(An even more tactical P8 driven approach is to just concentrate on the top end students who could get even better. As to A*s. Bs to As. 7s to 8s. Make the rich richer! My view is that if we’re using additional intervention resources for this you have to wonder what lessons are for! And then there is the moral question. Who is P8 for – you or them?) 

Maximising the Micro

Really, this is where the action is.  If you are feeling slightly soiled having sold out your hand-on-heart curriculum design values for some P8 bonus points, this will make you feel better. The curriculum is obviously a lot more than just the names in the buckets.   Success in maximizing grades in each subject is a healthier goal – not withstanding the fact that our learner are all prisoners in the bell curve cage.

There’s no point trying to write some kind of universal recipe for success but it’s going to be based around the following:

  • Teaching to the top.
  • Following sound principles of instruction – including some of these strategies teachers can practice
  • Establishing and communicating knowledge requirements that are absolutely explicit.
  • Delivering regular retrieval practice and sound revision techniques – see FACE It and this post about GCSE questions.
  • Developing sound formative assessment practice that actually allows student to improve in low stakes situations, not in endless mock exams.

The truth is that the data tracking system that rules the roost in most schools has virtually zero impact on the micro.  Beyond picking up some of the cases for intervention as mentioned above, all those colour codes on SIMS don’t penetrate into different actions in the classroom.  You can report progress to governors and SLT all you like – but it makes no difference to how much French or Maths anyone knows.  Don’t kid yourself.  You could pull the plug safe in the knowledge that nothing bad will happen.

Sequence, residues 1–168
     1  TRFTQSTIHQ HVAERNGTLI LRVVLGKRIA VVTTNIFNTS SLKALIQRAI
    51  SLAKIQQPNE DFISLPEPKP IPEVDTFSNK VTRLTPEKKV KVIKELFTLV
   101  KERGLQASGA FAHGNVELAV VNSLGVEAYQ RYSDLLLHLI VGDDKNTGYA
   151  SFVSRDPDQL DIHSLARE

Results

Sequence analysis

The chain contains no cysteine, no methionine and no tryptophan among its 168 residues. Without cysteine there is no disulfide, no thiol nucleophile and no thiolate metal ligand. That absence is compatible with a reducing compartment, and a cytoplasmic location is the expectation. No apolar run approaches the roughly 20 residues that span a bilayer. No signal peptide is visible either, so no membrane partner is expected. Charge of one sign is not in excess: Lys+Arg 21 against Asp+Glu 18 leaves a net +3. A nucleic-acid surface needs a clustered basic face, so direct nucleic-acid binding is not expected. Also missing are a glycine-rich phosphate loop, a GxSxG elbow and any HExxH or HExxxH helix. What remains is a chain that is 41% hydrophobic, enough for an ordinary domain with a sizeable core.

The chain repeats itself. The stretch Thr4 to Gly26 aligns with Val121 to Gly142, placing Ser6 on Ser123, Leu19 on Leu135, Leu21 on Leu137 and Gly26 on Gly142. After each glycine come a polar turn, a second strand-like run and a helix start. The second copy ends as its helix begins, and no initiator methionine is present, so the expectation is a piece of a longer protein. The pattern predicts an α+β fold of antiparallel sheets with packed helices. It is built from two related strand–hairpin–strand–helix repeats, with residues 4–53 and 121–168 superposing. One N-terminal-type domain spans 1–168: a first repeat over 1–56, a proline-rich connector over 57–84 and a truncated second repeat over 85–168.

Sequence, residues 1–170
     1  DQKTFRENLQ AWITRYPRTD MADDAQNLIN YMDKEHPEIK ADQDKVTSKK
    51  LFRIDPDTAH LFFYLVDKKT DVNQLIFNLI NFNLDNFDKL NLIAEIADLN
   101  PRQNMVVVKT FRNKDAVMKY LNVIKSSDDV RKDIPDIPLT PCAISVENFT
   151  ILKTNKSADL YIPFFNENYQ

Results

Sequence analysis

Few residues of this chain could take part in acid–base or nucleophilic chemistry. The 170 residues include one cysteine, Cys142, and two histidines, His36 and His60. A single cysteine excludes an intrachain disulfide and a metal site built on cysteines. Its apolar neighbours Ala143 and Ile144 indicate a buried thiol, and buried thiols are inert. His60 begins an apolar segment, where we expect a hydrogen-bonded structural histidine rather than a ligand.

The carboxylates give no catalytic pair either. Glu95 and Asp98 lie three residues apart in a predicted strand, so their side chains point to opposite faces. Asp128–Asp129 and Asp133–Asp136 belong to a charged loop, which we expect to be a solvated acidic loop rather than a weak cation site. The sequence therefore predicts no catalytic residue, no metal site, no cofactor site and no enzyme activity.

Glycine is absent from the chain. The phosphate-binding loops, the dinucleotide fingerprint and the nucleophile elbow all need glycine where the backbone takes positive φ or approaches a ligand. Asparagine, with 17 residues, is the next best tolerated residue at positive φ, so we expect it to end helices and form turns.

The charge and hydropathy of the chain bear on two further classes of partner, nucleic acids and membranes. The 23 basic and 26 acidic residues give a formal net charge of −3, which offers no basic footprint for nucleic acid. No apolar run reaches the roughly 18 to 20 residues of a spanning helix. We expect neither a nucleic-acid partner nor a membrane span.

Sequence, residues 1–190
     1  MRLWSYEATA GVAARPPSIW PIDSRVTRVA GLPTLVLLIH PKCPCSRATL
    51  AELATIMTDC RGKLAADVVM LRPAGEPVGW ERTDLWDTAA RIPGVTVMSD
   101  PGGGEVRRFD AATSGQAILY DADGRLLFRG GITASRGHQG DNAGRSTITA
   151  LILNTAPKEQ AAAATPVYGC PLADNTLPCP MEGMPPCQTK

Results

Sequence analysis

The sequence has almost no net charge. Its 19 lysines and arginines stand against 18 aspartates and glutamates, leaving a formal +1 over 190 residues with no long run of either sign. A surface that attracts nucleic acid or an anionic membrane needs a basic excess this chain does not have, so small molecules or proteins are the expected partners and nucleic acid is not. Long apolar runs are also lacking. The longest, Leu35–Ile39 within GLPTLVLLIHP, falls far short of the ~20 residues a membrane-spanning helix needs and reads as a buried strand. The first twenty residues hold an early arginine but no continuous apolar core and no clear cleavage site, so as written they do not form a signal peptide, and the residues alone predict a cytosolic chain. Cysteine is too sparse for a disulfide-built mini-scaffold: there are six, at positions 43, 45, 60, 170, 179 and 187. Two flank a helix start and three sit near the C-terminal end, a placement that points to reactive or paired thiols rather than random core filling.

When it comes out in the wash, remember that P8 doesn’t come anywhere near defining your school.  You have no idea if your score is good or bad because of issues with the KS2 baseline of whether your cohort of students have been penalised in the bell curve contest, losing out despite everyone’s best efforts because other schools in different contexts did slightly better. We can’t all be winners.  And don’t read too much into the scale. There is NO WAY that a P8 or say 0.3 is necessarily a measure of better progress than 0.2 or even 0.1.  There is just too much error..   If your score goes down – you did not necessarily deliver an education to your students that was any worse. If your score goes up, you did not necessarily deliver an education to your students that was any better.  Obvs.







  1. Hi Tom, I don’t follow the RE/Sociology link: is there a case where they count in basket 2 of progress 8? Either alone or as a pair?


  2. I couldn’t agree more with this blog – I took on the responsibility of tracking attainment and progress at the start of this year and my research has led me to the same conclusion. We have set up intervention sessions based on the most prominent needs within our cohort. (currently maths).

    What’s more – the issue of higher grade pupils falling behind due to health/mental health issues has such a significant impact on our overall score as a school. When you say put an institutional arm around these pupils – what do you mean? Currently, I anticipate that little will change their scores over the next year so I am placing intervention strategies and effort else where.

    Thanks for the blog!



  3. Re bell curve prison, if my own children were likely to score below C/4, why on earth would I put them through this? They are only there as grade fodder to mop up the low grades so someone else’s child can score better.